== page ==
In 1963 Jones began exploring what would become a fruitful medium for him when he composed his first film score for Sidney Lumet’s controversial drama The Pawnbroker; he would go on to write music for 33 feature films, including In Cold Blood, In the Heat of the Night, Bob & Carol & Ted & Alice, and The Getaway.

Quincy Jones movie scores
Chapter: The recording artist

The recording artist

While Jones maintained a busy schedule as a composer, producer, and arranger through the 1960s, he also re-emerged as a recording artist in 1969 with the album Walking in Space, which found Jones recasting his big-band influences within the framework of the budding fusion movement and the influences of contemporary rock, pop, and R&B sounds.

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© Verve/Polygram/Universal Music

The album was a commercial and critical success, and kick started Jones’ career as a recording artist. At the same time, he began working more closely with contemporary pop artists, producing sessions for Aretha Franklin and arranging strings for Paul Simon’s There Goes Rhymin’ Simon, and while Jones continued to work with jazz artists, many hard-and-fast jazz fans began to accuse Jones of turning his back on the genre, though Jones always contended his greatest allegiance was to African-American musical culture rather than any specific genre.

Jones-rhyminsimon
© Sony Music Entertainment
Albums 1970s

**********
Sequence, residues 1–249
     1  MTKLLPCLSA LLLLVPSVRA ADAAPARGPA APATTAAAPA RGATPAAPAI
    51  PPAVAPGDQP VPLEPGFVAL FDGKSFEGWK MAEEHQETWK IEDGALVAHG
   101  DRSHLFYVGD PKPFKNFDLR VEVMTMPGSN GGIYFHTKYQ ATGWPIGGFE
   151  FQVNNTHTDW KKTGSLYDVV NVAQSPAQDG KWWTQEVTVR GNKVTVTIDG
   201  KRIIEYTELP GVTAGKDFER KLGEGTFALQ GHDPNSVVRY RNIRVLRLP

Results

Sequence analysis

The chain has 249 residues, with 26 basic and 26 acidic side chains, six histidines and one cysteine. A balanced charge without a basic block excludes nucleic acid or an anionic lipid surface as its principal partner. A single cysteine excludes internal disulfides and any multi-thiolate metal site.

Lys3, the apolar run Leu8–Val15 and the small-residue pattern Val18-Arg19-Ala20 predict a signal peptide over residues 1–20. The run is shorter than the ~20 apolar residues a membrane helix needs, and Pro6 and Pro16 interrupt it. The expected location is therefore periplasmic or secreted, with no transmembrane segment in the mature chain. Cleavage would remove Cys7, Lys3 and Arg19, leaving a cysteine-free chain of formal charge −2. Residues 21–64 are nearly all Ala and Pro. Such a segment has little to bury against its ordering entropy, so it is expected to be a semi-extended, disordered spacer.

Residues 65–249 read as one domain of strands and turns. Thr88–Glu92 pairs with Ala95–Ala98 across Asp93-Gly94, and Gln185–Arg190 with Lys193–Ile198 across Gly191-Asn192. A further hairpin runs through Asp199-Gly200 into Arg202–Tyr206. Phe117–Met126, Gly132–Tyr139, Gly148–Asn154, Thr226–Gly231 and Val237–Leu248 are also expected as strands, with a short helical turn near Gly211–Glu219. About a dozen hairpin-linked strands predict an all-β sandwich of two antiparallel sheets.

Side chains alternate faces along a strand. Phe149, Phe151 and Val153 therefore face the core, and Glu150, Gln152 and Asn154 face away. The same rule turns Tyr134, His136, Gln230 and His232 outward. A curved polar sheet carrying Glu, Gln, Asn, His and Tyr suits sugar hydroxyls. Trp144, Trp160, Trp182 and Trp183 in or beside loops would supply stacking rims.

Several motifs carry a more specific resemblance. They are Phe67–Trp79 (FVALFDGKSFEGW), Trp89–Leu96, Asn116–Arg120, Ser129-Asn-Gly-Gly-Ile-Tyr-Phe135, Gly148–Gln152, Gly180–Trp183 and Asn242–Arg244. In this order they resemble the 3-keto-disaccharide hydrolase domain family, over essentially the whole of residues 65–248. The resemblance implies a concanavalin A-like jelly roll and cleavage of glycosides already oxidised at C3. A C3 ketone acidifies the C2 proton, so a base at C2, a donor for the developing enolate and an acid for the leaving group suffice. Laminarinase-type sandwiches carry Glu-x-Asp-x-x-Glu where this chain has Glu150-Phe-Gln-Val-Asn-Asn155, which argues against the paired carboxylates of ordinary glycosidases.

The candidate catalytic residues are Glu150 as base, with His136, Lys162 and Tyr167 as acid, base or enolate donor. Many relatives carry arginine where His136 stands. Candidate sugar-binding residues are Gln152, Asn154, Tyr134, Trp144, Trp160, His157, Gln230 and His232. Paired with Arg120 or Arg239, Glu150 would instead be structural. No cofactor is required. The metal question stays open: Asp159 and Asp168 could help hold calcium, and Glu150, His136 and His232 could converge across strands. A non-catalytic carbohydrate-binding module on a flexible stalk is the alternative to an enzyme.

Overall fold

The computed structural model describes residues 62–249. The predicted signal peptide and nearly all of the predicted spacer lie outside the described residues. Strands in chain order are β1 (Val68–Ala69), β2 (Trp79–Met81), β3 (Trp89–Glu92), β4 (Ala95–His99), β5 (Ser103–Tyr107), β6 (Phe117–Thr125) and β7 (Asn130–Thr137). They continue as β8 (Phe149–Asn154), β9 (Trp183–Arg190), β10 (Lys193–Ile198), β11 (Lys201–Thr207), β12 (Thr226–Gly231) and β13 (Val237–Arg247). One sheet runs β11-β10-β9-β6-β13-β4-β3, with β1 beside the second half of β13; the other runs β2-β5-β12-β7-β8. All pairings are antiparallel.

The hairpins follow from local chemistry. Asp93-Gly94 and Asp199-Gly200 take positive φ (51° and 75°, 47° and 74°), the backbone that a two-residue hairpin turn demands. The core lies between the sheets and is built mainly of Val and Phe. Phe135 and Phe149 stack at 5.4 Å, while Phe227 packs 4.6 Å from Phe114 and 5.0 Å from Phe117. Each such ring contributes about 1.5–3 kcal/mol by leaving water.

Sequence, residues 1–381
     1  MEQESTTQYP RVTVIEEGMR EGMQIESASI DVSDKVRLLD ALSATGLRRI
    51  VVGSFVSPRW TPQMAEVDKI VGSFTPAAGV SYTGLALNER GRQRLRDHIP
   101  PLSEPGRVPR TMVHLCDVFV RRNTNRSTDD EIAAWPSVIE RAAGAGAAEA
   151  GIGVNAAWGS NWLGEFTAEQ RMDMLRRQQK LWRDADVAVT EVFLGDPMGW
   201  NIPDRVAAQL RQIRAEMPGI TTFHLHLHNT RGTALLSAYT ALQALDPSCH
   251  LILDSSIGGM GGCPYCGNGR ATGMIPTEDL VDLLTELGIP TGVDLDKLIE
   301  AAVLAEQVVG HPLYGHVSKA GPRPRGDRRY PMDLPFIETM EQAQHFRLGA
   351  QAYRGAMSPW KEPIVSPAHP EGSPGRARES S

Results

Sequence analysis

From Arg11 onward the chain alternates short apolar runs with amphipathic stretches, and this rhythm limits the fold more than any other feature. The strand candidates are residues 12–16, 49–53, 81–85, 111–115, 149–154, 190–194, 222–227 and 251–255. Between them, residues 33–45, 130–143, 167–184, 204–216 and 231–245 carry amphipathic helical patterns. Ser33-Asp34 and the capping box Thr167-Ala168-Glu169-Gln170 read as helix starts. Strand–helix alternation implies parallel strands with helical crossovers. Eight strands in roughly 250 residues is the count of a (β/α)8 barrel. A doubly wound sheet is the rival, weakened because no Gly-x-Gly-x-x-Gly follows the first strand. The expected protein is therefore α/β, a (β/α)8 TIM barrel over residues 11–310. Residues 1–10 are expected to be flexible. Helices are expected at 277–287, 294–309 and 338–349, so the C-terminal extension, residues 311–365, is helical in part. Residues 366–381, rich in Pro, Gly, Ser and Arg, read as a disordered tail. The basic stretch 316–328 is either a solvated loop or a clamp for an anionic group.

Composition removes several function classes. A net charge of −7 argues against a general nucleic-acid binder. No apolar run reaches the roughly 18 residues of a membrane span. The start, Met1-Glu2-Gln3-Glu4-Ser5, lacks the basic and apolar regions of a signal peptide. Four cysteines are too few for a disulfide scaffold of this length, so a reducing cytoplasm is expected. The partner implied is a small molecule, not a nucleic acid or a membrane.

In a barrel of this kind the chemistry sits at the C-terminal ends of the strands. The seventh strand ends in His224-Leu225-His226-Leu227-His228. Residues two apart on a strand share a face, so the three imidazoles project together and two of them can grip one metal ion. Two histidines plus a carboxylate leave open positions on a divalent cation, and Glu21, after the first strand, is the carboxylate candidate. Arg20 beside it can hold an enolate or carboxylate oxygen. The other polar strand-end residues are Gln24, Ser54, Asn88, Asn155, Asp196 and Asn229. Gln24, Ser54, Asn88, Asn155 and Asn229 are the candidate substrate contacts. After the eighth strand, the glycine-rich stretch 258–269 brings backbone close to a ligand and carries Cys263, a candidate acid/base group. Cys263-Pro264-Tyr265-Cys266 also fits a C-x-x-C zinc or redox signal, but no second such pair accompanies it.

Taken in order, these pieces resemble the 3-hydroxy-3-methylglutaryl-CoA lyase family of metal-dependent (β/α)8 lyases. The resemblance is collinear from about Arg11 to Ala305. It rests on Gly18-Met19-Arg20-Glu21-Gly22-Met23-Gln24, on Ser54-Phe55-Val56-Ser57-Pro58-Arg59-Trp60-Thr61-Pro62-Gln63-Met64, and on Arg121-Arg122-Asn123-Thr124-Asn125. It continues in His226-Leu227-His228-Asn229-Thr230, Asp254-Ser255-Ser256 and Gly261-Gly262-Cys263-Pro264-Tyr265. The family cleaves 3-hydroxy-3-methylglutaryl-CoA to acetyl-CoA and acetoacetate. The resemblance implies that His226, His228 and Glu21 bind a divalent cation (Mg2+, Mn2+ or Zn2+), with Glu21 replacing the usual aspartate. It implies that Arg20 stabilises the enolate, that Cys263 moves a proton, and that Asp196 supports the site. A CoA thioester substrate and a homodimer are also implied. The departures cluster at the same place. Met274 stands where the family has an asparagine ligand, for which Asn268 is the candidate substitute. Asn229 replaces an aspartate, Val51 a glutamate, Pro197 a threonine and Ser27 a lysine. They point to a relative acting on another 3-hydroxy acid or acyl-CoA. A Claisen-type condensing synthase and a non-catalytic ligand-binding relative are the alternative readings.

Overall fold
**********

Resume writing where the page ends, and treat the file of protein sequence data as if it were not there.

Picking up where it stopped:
Chapter: Jones & Jackson

Jones + Jackson

When the implements of electronic music came on the scene, Quincy Jones opened the way to a completely new world of sound. In the ’80s, his biggest mainstream success came from his work with Michael Jackson. Jones produced the artists breakout solo album, Off the Wall, in 1979, and in 1982 they teamed up again for Thriller, which went on to become the biggest-selling album of all time, having reached over 110 million copies around the world.

 

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Cover art for “We are the world” Sony Music

In 1985 Michael Jackson and Lionel Ritchie wrote in two hours, the world famous charity singel “We Are the World” recorded by 45 pop artists, including Cyndi Lauper, Paul Simon, Bruce Springsteen and many more. Quincy Jones and Lionel Ritchie returned to the same studio 25 years later to record “We Are The World 25 For Haiti,” this time to help Haiti and support the country after the massive earthquake in January 2010.

Michael Jacksons's smash hit albums produced by Quincy Jones
Chapter: The social activist

The Social Activist

Launched in 2004, the We Are the Future (WAF) initiative was the result of a strategic partnership between the Glocal Forum and the Quincy Jones Listen Up Foundation, with the support of the World Bank, UN agencies, and corporations. The Listen Up foundation is another Quincy Jones initiative, working on breaking cycles of poverty and violence by initiating children to music and creativity.

 

"We Are The World 25 For Haiti"
Quincy Jones takes off his tie at the World Economic Forum in Davos, 2004. (Photo: Andy Mettler, WEF)
Chapter: Reworks of classics

A rework of the classics

Soul Bossa Nostra, re-works of Q's classics, released in 2010.
Quincy Jones interviewed in 2012 for the Polar Music Prize's 20th anniversary
Chapter: Polar Music Prize ceremony

Polar Music Prize ceremony

Quincy Jones and Nikolaus Harnoncourt were the Laureates of the Polar Music Prize 1994.

Jones-Stikkan
With friend and founder of the Polar Music Prize Stig “Stikkan” Anderson. (Photo: © Polar Music Prize)
HM The Queen of Sweden, Quincy Jones, daughter Kenya JMS Jones and partner Nastassja Kinski (Photo: © Polar Music Prize)
The Laureates and the Royal Family (Photo: © Polar Music Prize)
Quincy Jones receives the prize from HM The King of Sweden (Photo: © Polar Music Prize)
Citation Quincy Jones
Titiyo performing at the Polar Music Prize ceremony
Hommage to Quincy Jones at the Polar Music Prize ceremony